Ethical relativism is the view that there is no objective right or wrong. Instead, judgements are made differently by each individual, depending on several contributing factors.
Ethical relativism simply means that different people may believe different truths. Even given a situation in which the same facts are presented to two individuals, each may make a subjective judgement that differs from the other based on his beliefs.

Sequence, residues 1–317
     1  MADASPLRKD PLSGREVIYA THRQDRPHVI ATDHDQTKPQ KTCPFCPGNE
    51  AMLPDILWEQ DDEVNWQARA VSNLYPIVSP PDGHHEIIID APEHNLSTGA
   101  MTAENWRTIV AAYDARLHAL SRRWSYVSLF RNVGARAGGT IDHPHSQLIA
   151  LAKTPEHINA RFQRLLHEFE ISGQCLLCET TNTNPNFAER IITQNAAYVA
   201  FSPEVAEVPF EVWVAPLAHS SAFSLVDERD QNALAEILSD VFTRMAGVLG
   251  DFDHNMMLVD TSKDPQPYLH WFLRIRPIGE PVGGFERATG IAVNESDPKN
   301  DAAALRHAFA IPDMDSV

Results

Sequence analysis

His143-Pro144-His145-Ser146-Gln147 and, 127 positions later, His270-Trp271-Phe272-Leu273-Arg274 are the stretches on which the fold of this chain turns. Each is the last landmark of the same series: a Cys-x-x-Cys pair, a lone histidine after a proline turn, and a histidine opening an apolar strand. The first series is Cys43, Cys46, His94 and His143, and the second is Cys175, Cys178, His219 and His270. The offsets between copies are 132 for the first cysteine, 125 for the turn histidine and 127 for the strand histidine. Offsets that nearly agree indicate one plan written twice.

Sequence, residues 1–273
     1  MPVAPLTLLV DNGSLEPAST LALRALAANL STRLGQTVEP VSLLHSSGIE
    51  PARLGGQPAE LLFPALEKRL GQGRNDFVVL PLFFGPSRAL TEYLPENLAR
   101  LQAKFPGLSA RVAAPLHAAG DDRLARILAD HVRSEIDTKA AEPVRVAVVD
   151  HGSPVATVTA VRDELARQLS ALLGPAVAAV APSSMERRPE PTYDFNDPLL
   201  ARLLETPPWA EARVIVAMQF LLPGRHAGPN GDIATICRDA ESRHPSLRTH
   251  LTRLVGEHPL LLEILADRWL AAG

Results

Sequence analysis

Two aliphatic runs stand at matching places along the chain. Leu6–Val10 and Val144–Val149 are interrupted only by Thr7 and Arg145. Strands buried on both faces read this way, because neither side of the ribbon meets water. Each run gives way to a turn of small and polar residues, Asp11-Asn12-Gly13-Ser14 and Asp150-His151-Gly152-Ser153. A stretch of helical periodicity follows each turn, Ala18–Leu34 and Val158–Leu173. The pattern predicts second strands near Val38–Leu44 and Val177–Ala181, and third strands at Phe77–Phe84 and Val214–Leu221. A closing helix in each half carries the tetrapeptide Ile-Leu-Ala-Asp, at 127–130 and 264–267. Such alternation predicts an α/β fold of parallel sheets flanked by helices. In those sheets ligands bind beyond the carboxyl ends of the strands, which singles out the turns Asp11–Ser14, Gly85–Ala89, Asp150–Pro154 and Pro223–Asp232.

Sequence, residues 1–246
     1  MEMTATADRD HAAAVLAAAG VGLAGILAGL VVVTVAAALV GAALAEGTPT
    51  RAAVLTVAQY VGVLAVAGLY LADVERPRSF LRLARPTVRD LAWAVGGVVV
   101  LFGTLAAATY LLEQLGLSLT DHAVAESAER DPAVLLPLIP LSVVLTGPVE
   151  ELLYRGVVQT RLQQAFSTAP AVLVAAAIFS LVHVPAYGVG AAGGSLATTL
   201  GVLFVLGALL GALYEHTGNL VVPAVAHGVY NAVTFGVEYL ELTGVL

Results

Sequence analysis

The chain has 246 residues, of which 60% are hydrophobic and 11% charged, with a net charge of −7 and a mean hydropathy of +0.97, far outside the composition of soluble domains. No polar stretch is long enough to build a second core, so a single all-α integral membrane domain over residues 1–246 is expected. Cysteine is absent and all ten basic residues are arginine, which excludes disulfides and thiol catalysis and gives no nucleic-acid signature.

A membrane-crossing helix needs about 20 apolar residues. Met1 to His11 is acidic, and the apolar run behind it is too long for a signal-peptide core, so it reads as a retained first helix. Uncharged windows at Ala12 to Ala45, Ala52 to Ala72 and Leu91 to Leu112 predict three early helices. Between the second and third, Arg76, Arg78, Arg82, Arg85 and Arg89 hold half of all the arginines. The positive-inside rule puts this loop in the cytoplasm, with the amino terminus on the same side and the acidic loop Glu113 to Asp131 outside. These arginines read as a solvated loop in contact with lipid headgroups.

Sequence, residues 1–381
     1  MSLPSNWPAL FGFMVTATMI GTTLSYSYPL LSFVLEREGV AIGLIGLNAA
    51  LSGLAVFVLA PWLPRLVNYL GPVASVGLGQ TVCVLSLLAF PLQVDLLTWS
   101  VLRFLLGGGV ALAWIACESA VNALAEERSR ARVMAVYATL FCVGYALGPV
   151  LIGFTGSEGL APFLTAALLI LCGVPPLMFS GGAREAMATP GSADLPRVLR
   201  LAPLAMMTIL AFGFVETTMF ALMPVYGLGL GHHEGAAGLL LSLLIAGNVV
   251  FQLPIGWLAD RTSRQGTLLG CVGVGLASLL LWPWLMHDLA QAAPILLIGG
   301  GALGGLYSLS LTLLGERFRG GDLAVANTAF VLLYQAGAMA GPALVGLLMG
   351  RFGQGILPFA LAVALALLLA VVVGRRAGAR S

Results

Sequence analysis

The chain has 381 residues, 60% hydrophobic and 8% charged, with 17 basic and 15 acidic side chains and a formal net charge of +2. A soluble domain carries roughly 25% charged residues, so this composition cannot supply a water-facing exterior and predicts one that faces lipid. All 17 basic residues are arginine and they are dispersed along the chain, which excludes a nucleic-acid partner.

There are slight variations of relativism. Descriptive moral relativism is merely the acknowledgement that differences in the semantics of what is good, bad or truthful exist. It resists the position that any of these determinations are more or less valid than any other. Meta-ethical relativism is the belief that terms like "good," "right," "wrong" or "bad" are not universal truths and are strongly dependent on tradition, culture, religion and the views of an individual or group. Lastly, normative ethical relativism is the belief that differences exist, and every person should tolerate those differences, even when they are contradictory to one another.